According to legend, D.W. Griffith spotted this dark-haired beauty on the beach at Santa Monica, CA, in the winter of 1911. He could hardly have missed her, according to Linda Arvidson, the director's wife, who, with but a tinge of jealousy, later reported that Marguerite had sported "the most modern black satin bathing suit and high-heeled French slippers." Also according to legend, the newcomer did not entirely believe in the possibilities of film acting and when asked to appear on set for a comedy with Fred Mace instead sent her younger sister, Mae. And it was the blond, waif-like Mae Marsh who went on to cinematic fame and fortune, briefly at least, while Marguerite, who used her middle name of Loveridge at the time, drifted north to Niles, CA, and played in Broncho Billy Anderson Western programmers.
By 1914, Marguerite Loveridge, nicknamed "Lovey," was appearing as second fiddle to real-life cause célèbre Evelyn Nesbit (Thaw) in a Lubin three-reeler, Threads of Destiny, when rescued from near-oblivion by rotund comic Fred Mace, who starred her in his own comedies and wanted to marry her in real life as well. Marguerite routinely turned him down, however, a sad state of affair that reportedly caused the comedian's early death in February of 1917, either by suicide or from a heart attack attributed to crash dieting in a last ditch effort to win her back.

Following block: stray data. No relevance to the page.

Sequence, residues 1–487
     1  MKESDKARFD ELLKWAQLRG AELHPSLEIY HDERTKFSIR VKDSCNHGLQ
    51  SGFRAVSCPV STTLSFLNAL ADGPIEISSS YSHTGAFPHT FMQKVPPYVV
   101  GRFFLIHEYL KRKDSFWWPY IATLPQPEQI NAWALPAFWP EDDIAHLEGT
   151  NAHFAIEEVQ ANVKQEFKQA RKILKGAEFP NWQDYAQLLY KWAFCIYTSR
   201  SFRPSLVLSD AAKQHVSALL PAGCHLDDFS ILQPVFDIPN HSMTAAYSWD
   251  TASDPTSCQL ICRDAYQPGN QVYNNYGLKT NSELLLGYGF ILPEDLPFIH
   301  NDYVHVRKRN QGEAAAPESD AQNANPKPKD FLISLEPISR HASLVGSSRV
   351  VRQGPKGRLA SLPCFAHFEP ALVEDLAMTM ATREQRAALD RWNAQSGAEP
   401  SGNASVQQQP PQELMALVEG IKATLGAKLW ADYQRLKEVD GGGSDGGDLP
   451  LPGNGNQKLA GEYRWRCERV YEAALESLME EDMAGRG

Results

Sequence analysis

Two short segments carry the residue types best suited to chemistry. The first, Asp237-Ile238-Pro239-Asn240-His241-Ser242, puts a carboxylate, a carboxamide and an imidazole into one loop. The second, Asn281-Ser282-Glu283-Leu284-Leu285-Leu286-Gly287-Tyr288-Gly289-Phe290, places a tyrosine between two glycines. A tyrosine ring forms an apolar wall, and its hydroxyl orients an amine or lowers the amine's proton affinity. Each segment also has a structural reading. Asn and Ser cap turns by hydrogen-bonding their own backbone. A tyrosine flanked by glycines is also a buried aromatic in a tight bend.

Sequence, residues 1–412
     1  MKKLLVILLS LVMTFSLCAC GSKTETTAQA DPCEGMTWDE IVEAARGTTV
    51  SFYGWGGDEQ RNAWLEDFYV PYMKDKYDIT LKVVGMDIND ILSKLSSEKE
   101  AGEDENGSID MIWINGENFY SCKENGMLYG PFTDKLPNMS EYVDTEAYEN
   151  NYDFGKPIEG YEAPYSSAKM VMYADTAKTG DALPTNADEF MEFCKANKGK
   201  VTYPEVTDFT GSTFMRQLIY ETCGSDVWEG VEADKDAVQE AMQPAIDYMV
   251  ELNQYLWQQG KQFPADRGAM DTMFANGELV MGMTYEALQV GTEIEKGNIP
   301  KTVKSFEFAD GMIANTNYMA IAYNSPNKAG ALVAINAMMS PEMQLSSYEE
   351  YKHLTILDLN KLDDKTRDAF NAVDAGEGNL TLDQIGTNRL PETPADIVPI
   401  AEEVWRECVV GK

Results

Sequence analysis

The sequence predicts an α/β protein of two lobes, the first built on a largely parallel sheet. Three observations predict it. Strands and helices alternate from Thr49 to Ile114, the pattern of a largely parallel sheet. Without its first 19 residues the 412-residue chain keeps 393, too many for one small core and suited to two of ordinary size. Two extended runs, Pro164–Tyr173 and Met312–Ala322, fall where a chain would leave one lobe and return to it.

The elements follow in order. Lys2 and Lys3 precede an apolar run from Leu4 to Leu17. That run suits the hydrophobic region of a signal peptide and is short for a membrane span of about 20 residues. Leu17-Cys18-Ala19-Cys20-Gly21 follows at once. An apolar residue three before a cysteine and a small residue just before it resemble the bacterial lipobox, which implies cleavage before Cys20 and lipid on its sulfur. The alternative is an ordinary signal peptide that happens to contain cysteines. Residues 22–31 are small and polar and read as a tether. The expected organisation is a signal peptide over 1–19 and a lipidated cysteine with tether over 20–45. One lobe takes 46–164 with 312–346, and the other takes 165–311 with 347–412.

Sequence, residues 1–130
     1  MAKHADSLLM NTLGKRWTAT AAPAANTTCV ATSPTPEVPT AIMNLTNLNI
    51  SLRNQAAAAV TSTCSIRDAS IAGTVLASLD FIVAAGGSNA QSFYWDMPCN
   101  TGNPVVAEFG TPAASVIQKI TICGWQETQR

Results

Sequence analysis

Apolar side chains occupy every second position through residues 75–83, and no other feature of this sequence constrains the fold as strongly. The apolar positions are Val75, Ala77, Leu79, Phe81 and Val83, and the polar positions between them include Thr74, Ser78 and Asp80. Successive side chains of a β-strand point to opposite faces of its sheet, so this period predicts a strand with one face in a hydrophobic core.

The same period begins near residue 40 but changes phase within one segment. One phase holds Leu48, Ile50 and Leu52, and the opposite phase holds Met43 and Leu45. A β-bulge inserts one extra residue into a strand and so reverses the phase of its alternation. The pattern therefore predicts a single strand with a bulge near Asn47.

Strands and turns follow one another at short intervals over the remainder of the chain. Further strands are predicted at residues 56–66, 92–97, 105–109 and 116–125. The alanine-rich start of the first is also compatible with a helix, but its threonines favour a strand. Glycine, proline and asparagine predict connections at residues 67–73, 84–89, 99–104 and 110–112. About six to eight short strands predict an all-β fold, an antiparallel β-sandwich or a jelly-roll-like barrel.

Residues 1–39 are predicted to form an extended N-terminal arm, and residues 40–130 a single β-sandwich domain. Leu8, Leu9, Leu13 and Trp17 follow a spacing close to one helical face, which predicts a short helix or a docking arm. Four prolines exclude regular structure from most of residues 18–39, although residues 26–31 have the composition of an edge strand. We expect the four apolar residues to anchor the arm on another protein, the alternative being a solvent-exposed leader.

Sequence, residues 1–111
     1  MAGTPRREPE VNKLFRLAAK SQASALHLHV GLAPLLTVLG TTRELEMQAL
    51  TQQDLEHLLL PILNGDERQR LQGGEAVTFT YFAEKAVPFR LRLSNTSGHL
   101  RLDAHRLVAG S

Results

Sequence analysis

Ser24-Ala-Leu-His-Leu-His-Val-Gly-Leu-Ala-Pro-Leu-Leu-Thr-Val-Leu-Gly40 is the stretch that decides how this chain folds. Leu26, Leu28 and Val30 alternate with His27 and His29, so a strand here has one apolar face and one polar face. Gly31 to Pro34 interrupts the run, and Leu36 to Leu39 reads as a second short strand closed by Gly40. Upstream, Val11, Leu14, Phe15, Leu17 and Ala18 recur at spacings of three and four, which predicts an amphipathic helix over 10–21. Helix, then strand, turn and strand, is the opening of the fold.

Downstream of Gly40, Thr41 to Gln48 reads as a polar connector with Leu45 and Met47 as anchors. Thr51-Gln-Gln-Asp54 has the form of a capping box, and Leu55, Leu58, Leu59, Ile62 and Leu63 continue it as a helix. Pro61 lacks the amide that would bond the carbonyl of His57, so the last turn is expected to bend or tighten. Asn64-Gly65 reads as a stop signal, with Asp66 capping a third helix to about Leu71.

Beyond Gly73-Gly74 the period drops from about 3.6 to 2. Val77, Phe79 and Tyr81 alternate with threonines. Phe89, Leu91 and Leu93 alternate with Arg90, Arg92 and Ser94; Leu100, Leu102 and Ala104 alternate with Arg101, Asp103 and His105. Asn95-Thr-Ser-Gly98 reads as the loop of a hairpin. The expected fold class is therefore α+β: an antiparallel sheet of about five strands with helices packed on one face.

Her own screen career uninspiring at best, Marguerite changed her last name from Loveridge to Marsh in an obvious attempt of riding on her sister's coattails. She was briefly back with Griffith at Fine Arts but then drifted from one studio to another, rather aimlessly and earning reviews that ranged from lukewarm to poor: "While slightly amateurish at times, Marguerite Marsh did rather well in a few well-chosen scenes"; "Miss Marsh did the best she could with an impossible theme"; "Miss Marsh glides through her part mechanically." It was not enough to sustain a career, not to mention a rather extravagant social life, and by the mid-'20s, she was finished, professionally as well as emotionally. When she died from bronchial pneumonia in New York in December of 1925, Marguerite Marsh was all but forgotten.